Synopses & Reviews
Purchase of this book includes free trial access to www.million-books.com where you can read more than a million books for free. This is an OCR edition with typos. Excerpt from book: CHAPTER DL Restoration and Meditation. At that moment Cling?clang?clash?broke out the most discordant bell possible to imagine?certainly the worst bell even in this wide world of bad bells. Good Lord cried Gilbert, what instrument of torture is that ? It is our bell. It rings for Restoration?at eight o'clock and one o'clock and six o'clock. And it wakes us up in the morning. I can well believe that, said Gilbert. This bell would wake the Seven Sleepers. Let us go in to Restoration, then. Your place will be next to me?I have you on one side, and the other Englishman Him of the badness? Yes?on the other side. Oh, I shall have to meet him?sit opposite to him at Restoration?three times a day, shall I ? Curious For how many days, I wonder The three long, narrow tables, which were the principal furniture of the hall, were now spread with tablecloths, not too white, for it was near the end of the week, and laid with dishes and plates. The Fraternity?brethren and sisters?were all assembled in their places; they filled the benches, and were in number about a hundred and twenty. There was no grace or formality of any kind?never was a monastery more free from rules, not even the famous House of Thelema, on the Loire. Each one as he arrived took his seat, seized knife and fork, and without further ceremonybegan to eat and to drink with zeal. Already, though the bell had only just stopped, there was audible from all parts of the hall the musical tinkle of knife and plate. On the platform one of the Community played the piano. By his long fair hair, by his blue eyes, by his beard, by his glasses, he proclaimed himself a German. He played extremely well; soft, pleasant music, that dropped upon the ears with soothing, not stimulat...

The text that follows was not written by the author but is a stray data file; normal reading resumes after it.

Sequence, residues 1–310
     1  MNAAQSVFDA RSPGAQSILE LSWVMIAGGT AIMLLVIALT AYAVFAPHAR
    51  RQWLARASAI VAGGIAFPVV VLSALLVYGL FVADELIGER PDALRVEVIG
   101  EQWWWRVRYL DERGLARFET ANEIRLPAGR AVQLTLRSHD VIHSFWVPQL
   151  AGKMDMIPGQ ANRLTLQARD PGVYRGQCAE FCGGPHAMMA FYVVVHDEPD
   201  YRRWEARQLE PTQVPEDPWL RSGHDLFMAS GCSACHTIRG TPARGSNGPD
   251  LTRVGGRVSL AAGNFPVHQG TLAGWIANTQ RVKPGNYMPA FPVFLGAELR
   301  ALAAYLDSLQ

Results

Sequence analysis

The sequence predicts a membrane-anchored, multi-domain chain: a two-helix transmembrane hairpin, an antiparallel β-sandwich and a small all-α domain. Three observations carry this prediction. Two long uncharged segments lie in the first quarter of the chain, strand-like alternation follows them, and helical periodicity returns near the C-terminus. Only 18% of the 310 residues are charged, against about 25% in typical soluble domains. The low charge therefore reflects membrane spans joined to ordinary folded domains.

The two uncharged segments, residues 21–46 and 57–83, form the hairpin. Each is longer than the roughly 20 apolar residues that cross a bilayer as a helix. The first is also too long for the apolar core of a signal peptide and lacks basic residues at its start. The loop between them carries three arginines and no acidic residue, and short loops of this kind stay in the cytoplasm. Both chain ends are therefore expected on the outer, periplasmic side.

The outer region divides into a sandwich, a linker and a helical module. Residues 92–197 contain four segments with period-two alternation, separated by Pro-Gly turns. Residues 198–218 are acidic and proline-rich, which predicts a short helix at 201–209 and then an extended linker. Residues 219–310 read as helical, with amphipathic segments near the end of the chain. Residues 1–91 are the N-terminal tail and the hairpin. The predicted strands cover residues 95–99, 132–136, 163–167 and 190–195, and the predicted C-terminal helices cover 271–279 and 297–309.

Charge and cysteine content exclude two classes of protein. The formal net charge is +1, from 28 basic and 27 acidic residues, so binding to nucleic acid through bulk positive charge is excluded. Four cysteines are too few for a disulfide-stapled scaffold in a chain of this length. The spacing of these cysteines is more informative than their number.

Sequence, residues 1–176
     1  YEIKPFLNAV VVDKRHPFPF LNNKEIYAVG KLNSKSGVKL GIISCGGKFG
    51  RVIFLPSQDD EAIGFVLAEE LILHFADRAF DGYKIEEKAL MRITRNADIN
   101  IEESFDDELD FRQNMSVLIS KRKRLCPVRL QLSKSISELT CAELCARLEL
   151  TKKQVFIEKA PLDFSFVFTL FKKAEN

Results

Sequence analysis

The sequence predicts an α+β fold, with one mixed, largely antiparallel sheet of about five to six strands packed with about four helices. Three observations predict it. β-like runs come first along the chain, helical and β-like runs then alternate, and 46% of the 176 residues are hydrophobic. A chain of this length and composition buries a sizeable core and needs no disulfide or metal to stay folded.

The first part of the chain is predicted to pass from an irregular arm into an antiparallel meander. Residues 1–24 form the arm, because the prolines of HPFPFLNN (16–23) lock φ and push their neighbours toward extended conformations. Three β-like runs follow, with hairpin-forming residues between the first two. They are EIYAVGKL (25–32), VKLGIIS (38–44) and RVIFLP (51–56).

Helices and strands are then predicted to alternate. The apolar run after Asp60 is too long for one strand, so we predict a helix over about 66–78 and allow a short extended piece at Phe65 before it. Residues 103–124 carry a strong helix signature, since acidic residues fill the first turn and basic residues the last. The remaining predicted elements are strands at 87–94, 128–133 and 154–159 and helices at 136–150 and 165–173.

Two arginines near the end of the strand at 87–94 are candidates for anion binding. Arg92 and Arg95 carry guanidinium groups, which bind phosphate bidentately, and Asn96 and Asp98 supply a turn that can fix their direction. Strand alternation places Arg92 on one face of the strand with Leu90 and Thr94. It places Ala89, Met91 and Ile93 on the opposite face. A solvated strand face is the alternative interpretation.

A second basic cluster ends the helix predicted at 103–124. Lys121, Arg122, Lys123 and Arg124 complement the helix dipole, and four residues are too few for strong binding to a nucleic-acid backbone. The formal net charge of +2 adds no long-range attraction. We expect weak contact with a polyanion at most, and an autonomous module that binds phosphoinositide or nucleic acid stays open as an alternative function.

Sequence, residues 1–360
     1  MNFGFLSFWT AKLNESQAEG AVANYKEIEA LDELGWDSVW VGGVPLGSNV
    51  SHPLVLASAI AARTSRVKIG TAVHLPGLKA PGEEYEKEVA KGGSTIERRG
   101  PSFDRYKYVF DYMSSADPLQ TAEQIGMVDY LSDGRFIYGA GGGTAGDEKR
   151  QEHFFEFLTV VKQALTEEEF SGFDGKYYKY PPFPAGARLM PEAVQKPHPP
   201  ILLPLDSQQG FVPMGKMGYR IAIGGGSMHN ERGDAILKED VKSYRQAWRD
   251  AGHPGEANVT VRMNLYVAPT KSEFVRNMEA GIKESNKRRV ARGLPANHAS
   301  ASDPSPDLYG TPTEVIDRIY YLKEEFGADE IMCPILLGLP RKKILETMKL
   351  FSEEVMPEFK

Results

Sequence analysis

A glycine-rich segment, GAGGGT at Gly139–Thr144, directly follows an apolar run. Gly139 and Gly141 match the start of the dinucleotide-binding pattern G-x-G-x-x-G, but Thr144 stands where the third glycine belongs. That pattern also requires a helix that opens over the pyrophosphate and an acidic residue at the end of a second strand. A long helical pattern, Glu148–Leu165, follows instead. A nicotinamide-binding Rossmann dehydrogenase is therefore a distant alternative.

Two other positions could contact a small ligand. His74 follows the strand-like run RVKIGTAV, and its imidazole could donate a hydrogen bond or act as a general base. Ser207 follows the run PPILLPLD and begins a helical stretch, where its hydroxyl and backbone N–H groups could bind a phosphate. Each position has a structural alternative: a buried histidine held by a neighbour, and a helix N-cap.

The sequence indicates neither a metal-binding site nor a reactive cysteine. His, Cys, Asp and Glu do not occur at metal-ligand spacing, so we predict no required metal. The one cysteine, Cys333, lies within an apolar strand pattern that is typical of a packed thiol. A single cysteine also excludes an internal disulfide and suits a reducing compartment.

This is a pre-1923 historical reproduction that was curated for quality. Quality assurance was conducted on each of these books in an attempt to remove books with imperfections introduced by the digitization process. Though we have made best efforts - the books may have occasional errors that do not impede the reading experience. We believe this work is culturally important and have elected to bring the book back into print as part of our continuing commitment to the preservation of printed works worldwide.